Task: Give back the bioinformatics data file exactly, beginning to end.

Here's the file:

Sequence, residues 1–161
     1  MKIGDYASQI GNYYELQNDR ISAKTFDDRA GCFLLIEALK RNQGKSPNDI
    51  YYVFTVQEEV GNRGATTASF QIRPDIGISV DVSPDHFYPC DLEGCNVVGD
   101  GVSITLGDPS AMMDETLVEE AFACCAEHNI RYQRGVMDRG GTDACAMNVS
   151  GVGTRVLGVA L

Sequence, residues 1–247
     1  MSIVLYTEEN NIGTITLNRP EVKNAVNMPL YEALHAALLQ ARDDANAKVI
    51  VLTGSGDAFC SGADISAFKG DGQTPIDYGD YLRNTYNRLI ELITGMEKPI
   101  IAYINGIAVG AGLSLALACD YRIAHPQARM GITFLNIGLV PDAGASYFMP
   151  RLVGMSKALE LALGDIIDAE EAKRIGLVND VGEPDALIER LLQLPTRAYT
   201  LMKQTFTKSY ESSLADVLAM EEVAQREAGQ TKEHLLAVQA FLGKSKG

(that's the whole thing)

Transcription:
Sequence, residues 1–161
     1  MKIGDYASQI GNYYELQNDR ISAKTFDDRA GCFLLIEALK RNQGKSPNDI
    51  YYVFTVQEEV GNRGATTASF QIRPDIGISV DVSPDHFYPC DLEGCNVVGD
   101  GVSITLGDPS AMMDETLVEE AFACCAEHNI RYQRGVMDRG GTDACAMNVS
   151  GVGTRVLGVA L

Sequence, residues 1–247
     1  MSIVLYTEEN NIGTITLNRP EVKNAVNMPL YEALHAALLQ ARDDANAKVI
    51  VLTGSGDAFC SGADISAFKG DGQTPIDYGD YLRNTYNRLI ELITGMEKPI
   101  IAYINGIAVG AGLSLALACD YRIAHPQARM GITFLNIGLV PDAGASYFMP
   151  RLVGMSKALE LALGDIIDAE EAKRIGLVND VGEPDALIER LLQLPTRAYT
   201  LMKQTFTKSY ESSLADVLAM EEVAQREAGQ TKEHLLAVQA FLGKSKG